Chavis denied that he ever used a school credit card for personal purchases, saying that some of his bills were paid by accident when he let the school use his personal credit card to purchase school supplies.
“That was a mistake. I agree with that,” Chavis said. “But we fixed this mistake that happened once in twelve years. I think that’s pretty good.”
He also briefly addressed a sexual harassment claim that was made against him in August 2011 by a teacher. The teacher sent a letter to a site administrator claiming that Chavis had sexually harassed her on multiple occasions, including in school. Chavis denied the claims, saying that they were made after the woman was fired from an AIMS school. “The claims are ridiculous,” Chavis said. “In front of students? Why would I do anything in front of my students?”
Chavis said the school district has unfairly targeted AIMS despite a record of strong student achievement.
“When OUSD had to shut down five schools last year and got parents all riled up, we were expanding our middle school,” Chavis said. “I have unorthodox methods and some people don’t like that. You can call me a sexist, a racist, whatever. I do what’s best for my kids and it works.”
The three AIMS schools reported a total enrollment of almost 500 students during the 2010-2011 school year; in that year, reports to the California Department of Education indicated that almost 70 percent of the students were Asian, 18 percent were Hispanic and 1 percent were American Indian. For the past few years, the schools have had consistently high Academic Performance Index scores, which measure a school’s yearly progress and determine federal funding. During the 2009-2010 school year, American Indian Public Charter School had an API of 988, the highest of all the schools in the state.
Chavis firmly believes that he is being targeted because if the AIMS schools close, OUSD schools will gain more students, ultimately resulting in more state and federal aid. “They don’t want me around because I’m successful, and they’re losing money because of me,” he said.
But after reviewing AIMS’ official response, most of the members of the school board agreed that there are enough concerns to warrant withdrawing the schools’ charters.
District 1 school board representative Jody London, who voted to give AIMS the notice of intent to revoke, said that in the past few years there have been many problems with the schools, beyond financial and organizational misconduct. “Not only were there clear conflicts of interest, but we have complaints coming in from people involved with the schools, saying that there have been issues with kids not being treated right,” London said. “If this were a low-performing school, people would be screaming bloody murder.”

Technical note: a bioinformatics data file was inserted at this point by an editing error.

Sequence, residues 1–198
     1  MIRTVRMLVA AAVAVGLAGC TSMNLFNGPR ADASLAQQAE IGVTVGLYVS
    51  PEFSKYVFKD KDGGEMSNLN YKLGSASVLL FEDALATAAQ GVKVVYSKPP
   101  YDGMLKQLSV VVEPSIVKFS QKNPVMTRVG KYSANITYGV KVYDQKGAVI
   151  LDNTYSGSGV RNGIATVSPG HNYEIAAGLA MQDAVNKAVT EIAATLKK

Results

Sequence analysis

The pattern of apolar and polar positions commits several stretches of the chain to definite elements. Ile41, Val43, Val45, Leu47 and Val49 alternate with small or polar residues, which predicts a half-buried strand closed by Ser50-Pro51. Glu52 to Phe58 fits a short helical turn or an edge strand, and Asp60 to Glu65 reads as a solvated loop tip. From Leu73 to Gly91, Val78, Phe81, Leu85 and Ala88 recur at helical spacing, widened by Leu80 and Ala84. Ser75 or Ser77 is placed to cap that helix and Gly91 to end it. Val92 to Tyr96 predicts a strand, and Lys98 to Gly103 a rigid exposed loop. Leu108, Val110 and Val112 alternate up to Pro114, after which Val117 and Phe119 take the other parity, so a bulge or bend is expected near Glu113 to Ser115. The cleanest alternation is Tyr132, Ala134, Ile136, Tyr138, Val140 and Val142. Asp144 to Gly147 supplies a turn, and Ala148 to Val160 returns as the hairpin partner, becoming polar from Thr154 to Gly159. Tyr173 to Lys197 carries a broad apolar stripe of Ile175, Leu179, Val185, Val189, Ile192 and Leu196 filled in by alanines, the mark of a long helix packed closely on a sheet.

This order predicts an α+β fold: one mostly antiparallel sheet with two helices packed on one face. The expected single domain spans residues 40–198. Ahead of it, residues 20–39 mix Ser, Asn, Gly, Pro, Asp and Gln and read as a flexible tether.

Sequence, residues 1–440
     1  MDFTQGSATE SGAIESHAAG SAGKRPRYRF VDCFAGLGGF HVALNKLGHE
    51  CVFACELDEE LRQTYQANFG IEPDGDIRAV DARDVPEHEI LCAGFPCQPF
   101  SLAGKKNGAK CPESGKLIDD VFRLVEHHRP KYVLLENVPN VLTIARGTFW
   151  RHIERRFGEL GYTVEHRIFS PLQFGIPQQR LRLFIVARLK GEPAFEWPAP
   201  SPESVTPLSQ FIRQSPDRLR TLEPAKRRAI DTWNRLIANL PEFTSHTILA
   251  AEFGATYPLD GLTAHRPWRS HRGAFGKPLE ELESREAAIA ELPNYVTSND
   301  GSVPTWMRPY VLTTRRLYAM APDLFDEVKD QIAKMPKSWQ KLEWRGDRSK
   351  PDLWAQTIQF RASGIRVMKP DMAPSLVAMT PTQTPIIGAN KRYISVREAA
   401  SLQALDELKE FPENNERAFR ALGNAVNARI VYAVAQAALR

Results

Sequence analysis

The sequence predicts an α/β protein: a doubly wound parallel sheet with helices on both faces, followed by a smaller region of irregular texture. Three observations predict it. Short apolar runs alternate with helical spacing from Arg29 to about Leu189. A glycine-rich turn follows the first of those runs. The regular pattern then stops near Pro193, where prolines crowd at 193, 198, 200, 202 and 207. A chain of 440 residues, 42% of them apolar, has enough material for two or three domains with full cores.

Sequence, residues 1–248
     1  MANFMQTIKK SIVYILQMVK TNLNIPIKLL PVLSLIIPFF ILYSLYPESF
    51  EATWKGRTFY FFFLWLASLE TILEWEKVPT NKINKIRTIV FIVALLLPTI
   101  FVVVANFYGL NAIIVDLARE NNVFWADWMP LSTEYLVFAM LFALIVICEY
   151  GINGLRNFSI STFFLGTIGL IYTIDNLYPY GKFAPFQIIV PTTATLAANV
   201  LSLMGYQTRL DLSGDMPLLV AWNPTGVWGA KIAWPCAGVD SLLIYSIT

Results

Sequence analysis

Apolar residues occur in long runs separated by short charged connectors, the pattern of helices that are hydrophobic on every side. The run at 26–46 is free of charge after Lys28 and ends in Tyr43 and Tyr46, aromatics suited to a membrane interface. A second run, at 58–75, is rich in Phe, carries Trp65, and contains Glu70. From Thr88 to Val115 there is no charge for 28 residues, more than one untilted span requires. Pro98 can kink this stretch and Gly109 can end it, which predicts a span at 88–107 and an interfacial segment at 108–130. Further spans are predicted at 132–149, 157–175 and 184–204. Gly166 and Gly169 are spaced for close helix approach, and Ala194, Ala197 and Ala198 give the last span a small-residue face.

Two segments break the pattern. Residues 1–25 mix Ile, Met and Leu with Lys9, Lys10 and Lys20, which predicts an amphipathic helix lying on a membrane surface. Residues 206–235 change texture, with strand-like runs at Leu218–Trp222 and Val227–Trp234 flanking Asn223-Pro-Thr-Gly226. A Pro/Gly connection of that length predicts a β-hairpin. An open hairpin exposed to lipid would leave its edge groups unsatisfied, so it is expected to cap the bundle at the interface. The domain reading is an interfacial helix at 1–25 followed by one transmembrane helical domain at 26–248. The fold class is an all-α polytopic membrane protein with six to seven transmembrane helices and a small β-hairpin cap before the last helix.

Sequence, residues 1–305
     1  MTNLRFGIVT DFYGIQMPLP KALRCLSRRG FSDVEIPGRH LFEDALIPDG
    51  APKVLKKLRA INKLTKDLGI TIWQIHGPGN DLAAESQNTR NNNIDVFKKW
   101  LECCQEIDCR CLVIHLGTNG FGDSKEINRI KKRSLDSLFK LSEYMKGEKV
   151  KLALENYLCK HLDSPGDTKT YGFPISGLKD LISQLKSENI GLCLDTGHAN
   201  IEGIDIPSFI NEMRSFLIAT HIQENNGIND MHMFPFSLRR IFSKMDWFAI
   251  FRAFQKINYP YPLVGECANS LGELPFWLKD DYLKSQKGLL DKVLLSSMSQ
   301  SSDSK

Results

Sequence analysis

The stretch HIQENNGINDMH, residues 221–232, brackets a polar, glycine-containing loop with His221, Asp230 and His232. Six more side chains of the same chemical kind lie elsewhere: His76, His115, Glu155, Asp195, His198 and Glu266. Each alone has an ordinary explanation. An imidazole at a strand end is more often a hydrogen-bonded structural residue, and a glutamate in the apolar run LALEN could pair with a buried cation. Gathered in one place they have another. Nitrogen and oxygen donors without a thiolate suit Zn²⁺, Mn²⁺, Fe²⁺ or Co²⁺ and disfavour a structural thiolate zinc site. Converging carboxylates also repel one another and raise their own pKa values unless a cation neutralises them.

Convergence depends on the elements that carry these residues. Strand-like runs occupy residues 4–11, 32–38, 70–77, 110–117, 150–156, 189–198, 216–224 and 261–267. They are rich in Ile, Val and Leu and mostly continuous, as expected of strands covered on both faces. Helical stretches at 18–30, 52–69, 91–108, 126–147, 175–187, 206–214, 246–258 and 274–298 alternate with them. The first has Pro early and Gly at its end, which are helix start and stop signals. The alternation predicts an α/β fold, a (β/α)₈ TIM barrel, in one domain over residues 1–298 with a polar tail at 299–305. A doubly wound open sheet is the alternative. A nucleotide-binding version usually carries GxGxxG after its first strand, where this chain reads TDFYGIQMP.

She also denied that OUSD is trying to shut the school down to get more students, saying that the district’s investigation first arose through a whistleblower from the school itself, not an outsider. “It’s not like we said, ‘Hey, let’s go after AIMS.’ There were enough issues at these schools for someone to step up and try to get help,” London said.
But District 6 representative Christopher Dobbins, a defense attorney and the only school board member who voted against revoking the charters, called Chavis “a galvanizing force” within the school district and said that his attitude and past conflicts with the district were reasons many school board members voted against AIMS. “If this guy really did steal millions of dollars, then the district attorney would be after him,” Dobbins said. “There’s no reason to shut the schools down when the kids are doing well.”
AIMS administrators, staff and teachers are currently deciding what to do next and trying to reassure parents that everything is going to be fine, said administrative assistant and AIMS alumna Karely Ordaz. “We’re the top schools in Alameda County,” said Ordaz. “The parents are confused as to why this has gone so far and we’re just trying to figure out what our next step is going to be.”
A community meeting at Lincoln Elementary School with Superintendent Tony Smith with be held on February 5 at 6 p.m. in which he will discuss next steps with AIMS families. A public hearing for AIMS community members will be held at La Escuelita Education Center on February 13 at 6 p.m. Those who want to offer their opinions and input will be able to speak to the board that day. The OUSD board members’ final decision will be made on March 20 at La Escuelita Education Center.